Let’s face it. Doing payroll is nobody’s idea of fun. Whether you’re a business owner or a manager, you probably aren’t looking forward to the process of calculating wages, withholding taxes, and filling out IRS forms.
But, as is the case for many tedious but necessary business processes, technology can automate parts of the payroll process for you. How much can it take off your plate? That depends on the software you’re willing to invest in. You have three options:
- Run payroll manually with no software whatsoever.
- Use a payroll software. This option allows you to automate tax withholding and wage payment, but still leaves you responsible for calculating employee wages. But, of course, you have to pay for the software.
- Combine workforce management and payroll software. This option saves you the maximum amount of time by automating wage calculation and payroll itself, but adds a second piece of software to pay for.
The right choice depends on your business. But generally speaking, you’ll want to automate more of the process the more employees you have. Below, we’re going to lay out the steps for each method of running payroll and help you decide which makes sense for you. Please note that this post is purely educational. You should also consult with a professional if you’re looking for specific advice on payroll for your business.
First, knock out the payroll essentials
There are a few basic steps to the payroll process that you’ll need to complete regardless of whether or not you’re using software. You can probably skip this section if you’ve ever run payroll before. Keep in mind that there are other steps you’ll have to take to maintain accurate payroll records — not just when you run payroll each pay period, but when you pay your payroll taxes throughout the year
Step 1: Get your Employer Identification Number (EIN).
Your EIN is a unique nine-digit code the IRS uses to identify your business. You’ll need to include it on any forms you send to them. Think of it as a social security number for your company. You can apply for one here.
Step 2: Get your employees to fill out their W-4s.
Next, your employees need to complete the IRS’ Form W-4 to record their filing status and personal withholding allowances. Every time you bring on someone new, they’ll need to fill this out as part of the onboarding process. If you hire any independent contractors, they’ll instead need to fill out IRS Form W-9. Please note though that the payroll process for independent contractors is slightly different, as you generally won’t be responsible for withholding taxes from these workers’ paychecks.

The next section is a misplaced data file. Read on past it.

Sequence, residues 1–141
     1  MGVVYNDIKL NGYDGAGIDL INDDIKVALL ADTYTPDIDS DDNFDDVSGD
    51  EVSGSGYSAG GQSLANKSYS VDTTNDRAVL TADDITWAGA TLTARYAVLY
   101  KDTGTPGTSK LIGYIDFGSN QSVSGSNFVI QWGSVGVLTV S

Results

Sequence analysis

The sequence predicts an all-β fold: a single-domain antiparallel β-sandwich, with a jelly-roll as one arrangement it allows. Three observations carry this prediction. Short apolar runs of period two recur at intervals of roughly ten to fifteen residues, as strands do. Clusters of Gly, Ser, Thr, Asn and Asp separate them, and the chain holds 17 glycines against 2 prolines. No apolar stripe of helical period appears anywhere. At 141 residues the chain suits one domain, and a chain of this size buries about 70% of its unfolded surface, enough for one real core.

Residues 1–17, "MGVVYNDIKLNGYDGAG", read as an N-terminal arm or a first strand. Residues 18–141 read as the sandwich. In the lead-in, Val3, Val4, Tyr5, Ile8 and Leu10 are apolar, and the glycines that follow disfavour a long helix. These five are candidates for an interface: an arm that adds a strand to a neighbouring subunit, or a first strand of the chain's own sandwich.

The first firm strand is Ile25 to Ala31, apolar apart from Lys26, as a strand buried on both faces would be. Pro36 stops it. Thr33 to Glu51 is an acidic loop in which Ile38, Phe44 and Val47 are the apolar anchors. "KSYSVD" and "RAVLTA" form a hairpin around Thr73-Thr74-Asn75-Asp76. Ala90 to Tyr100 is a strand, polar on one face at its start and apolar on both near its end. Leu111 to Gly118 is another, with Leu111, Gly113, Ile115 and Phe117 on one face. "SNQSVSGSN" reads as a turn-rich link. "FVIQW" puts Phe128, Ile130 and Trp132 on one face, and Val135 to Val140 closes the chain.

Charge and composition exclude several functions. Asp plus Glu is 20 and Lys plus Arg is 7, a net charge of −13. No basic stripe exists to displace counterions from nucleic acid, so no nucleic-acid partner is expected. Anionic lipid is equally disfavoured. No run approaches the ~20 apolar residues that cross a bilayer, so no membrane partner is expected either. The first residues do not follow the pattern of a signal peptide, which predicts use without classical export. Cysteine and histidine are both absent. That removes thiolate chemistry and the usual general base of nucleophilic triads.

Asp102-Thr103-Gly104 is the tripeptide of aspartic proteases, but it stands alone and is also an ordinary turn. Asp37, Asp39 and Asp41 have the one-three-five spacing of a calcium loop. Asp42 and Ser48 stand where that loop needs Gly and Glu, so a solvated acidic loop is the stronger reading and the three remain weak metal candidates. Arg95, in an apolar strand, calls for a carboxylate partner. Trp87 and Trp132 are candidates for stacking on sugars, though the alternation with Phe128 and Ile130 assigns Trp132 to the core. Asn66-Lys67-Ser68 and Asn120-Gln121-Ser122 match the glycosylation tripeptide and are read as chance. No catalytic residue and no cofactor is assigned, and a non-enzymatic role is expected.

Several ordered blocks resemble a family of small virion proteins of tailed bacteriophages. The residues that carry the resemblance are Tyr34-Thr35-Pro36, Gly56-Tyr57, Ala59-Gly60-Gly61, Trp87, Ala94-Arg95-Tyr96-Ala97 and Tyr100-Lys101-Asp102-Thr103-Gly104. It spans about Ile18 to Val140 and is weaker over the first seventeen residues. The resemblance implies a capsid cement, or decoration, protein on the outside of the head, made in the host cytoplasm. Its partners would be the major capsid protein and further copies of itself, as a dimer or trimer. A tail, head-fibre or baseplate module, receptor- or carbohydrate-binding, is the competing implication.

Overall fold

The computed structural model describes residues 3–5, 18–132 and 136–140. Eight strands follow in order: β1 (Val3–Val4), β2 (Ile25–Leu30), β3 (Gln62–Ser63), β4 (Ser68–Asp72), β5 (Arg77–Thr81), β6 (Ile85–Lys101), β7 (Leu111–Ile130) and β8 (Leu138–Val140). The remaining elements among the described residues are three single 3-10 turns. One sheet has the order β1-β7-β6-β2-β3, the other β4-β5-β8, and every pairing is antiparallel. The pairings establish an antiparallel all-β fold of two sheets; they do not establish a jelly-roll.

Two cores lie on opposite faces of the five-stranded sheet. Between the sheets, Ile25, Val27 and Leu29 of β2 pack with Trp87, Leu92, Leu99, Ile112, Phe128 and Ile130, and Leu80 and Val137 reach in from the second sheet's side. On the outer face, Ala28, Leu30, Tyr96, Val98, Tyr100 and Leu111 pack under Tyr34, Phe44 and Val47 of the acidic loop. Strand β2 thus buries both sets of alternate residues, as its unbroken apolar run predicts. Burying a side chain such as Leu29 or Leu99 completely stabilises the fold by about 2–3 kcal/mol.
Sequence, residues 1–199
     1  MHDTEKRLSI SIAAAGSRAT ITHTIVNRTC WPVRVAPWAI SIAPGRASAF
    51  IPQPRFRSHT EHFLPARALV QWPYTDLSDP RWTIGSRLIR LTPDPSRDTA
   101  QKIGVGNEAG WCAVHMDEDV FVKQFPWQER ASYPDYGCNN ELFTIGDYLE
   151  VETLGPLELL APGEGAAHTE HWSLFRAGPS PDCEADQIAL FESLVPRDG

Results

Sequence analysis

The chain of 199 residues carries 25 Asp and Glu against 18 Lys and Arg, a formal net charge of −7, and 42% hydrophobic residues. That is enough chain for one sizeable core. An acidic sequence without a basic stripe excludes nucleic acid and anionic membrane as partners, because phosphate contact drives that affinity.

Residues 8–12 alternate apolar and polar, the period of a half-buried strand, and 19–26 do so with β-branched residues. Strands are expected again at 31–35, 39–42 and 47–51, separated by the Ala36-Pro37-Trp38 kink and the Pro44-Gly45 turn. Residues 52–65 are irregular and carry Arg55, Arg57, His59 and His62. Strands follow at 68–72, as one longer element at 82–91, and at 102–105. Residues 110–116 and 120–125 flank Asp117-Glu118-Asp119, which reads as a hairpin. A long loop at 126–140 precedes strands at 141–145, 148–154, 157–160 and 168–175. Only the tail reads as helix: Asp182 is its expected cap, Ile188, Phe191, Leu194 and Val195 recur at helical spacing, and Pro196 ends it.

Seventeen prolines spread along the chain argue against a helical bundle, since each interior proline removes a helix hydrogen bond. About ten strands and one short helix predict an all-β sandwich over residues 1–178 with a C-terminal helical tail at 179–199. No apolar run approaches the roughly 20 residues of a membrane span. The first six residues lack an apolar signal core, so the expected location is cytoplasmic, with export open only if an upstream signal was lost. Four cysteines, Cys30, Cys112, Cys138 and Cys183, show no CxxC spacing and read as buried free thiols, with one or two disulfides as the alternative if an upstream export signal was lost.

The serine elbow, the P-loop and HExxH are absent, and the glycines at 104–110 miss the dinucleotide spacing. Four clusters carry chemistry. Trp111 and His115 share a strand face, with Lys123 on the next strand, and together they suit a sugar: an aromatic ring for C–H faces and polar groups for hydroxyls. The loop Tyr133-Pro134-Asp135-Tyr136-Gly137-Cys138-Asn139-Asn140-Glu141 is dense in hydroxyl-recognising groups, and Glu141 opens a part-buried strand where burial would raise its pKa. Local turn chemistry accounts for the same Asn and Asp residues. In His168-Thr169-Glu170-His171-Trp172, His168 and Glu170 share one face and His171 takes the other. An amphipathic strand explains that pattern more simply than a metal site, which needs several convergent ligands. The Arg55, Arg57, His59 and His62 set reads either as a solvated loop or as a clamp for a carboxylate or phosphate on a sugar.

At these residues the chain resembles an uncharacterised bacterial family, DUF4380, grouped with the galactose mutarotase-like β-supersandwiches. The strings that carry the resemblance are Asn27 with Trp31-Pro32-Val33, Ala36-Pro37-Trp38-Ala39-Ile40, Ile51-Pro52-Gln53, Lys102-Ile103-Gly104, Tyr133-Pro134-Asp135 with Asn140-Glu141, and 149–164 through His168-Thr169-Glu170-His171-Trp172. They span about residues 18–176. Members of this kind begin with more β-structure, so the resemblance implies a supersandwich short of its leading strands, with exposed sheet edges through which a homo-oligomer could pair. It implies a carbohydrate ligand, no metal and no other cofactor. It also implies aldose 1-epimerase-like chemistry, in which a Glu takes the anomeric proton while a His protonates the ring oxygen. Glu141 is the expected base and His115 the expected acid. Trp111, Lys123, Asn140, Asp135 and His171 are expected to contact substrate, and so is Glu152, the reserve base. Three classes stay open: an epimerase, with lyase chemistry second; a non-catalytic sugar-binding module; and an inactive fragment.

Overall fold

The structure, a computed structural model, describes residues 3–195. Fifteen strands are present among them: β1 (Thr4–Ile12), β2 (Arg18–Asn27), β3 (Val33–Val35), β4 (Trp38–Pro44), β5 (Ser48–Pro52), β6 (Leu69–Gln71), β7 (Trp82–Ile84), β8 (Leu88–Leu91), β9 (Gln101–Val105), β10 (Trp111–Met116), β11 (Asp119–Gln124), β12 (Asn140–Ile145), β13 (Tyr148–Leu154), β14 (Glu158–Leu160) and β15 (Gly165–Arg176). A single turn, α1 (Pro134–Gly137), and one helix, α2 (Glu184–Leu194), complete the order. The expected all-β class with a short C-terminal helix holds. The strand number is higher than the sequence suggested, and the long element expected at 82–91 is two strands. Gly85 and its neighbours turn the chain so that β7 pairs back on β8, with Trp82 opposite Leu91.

Step 3: Decide on a pay schedule.
How often will you pay your employees? Most businesses choose either weekly, bi-weekly, semi-monthly, or monthly, with bi-weekly and weekly being the most common.
Step 4: Set up direct deposit.
Yes, you can hand out physical checks each payday, but it’s pretty rare these days. Research shows that 82% of workers are now paid by direct deposit. Workers also report that direct deposit gives them greater control of their finances and feels more secure. It’s also not hard to set up. All you need to do is gather your employees’ bank account numbers and routing numbers, then provide that information to your business’ bank or other direct deposit provider.
Once you’ve taken care of the essentials, you’re ready to determine which process — and which tools — you’ll use to do payroll each pay period.
Option 1: How to do payroll manually, without software
Here are the steps you need to follow each pay period if you want to go it alone and run payroll manually.
Step 1: Calculate your employees’ wages.
Add up all the hours each employee worked, subtract any break time, and multiply the result by their hourly pay rate. Assuming you use paper time sheets, this step will be easier if you transcribe the hours into Excel and do the calculations on your computer. Microsoft even offers a ready-made template you can use. And remember, depending on your local laws and each employee’s classification, you may need to calculate overtime wages as well.
Step 2: Calculate how much to withhold for taxes.
The next step is to subtract the appropriate amount to withhold from each employee’s paycheck for taxes such as:
- Federal, state, and local income taxes
- Social security
- Federal and state unemployment taxes
The exact amount will vary for each employee based on the allowances outlined on their W-2. You can use the IRS’ tax withholding calculator to determine the right amount to withhold for individual employees. The Excel template we linked to in Step 1 also allows you to input withholding percentages for different types of taxes. Either way, be sure to double check your math, as you can incur big fines for any mistakes you make.
Step 3: Pay your employees.
Now that you’ve calculated how much to withhold for each employee, subtract that amount from their total wages and you’ve got their take-home pay. Provide a document stating each employee’s take-home pay to your direct deposit provider –they can let you know how to format it — and the money will be deposited into their bank account.
Step 4: Pay your taxes.
Next, you need to pay your taxes by periodically depositing the money you withhold to the IRS. You won’t necessarily be making these payments on the same schedule you pay your workers, so this step may not be part of your payroll process per se. Instead, you’ll pay your taxes on either a monthly or semi-weekly basis depending on your tax liability in the previous year. The IRS explains more here.